Hello again!

First of all, I wish to thank all of you who responded to my column from last week. I tried to respond directly to as many of you as possible. A few of you even responded with comments about things that you were upset about. Although I cannot respond directly to specific situations since I wasn’t there, I tried to at least explain why some things may have happened the way they did. Agree with me or not, at least we’re talking about it, and it’s important to me that you feel you can address the concerns with me. Thanks.

Now on to the questions!

My friend is 21 years old and I drove to the store and he bought some beer. I got pulled over on the way back to my apartment and got a ticket for being in possession of alcohol even though my friend was holding it. Is that right?

Yes, it’s right.

The ticket you got was for 23224 (a) CVC – minor driving a vehicle with alcohol in it. Even though your friend is 21 years old and holding the beer and you have not been drinking, people under 21 years old cannot drive a car with alcohol in it at all. California law does not allow a minor to possess alcohol and that includes inside of a vehicle. Even if the alcohol is in the trunk, technically you are in control of the vehicle and the alcohol, and you could be cited for it. The ticket is very similar to a Minor in Possession ticket, only it can affect your insurance.

The other night I got a warning for having my music on too loud because a neighbor complained. Last night the cops walked up and gave me a ticket and no warning. Shouldn’t I get a warning before I get a ticket?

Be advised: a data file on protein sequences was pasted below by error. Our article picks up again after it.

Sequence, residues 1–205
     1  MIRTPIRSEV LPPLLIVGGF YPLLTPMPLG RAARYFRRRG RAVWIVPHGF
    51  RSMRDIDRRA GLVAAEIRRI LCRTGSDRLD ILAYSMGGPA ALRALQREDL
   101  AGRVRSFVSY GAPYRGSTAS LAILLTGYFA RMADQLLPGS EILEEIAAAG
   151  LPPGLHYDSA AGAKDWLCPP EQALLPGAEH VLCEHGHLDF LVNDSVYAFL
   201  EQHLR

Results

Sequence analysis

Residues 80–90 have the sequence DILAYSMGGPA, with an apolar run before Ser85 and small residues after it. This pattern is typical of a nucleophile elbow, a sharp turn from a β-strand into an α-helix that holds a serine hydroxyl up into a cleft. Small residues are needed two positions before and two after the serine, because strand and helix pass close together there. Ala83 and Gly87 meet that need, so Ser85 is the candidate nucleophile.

It sure would be great if we only had to give warnings and never give out tickets. Unfortunately, it does not work that way for a couple of reasons. First of all, we have two separate crimes that are handled differently.

The first night when someone complained, it was likely a violation of 415 P.C. – disturbing the peace – and that requires a citizen’s arrest. The fine and charge can be very expensive, so the I.V. Foot Patrol will try to work out a compromise with the neighbors before issuing tickets. We will contact the persons making the noise and let them know there was a complaint. It’s when the neighbor calls back a second time that we will have them sign a citizen’s arrest and issue a citation to the people being noisy. That can happen at any time of the day or night.

The other law is County Ordinance 40-2 in which any amplified music (or drums) heard 100 feet past the property line after 10 p.m. Sunday through Thursday or after midnight on Friday or Saturday is a violation. The IVFP has a “Zero Tolerance” policy in regards to these violations and you don’t get a warning, just the ticket.

Although it would be nice to get warnings every time, you have to admit it, would you turn the music down or off if you knew the cops were just going to give a warning? Ah, maybe not…

Again, thanks for the e-mails and comments. Even if you’re just ticked off and want to vent, bring it on! E-mail me or stop by the UC Police Dept. website at www.police.ucsb.edu for more information about crime and our community.

Don’t miss your chance to Question Authority.

To ask UCPD Crime Prevention Officer Mark Signa a question, e-mail him at .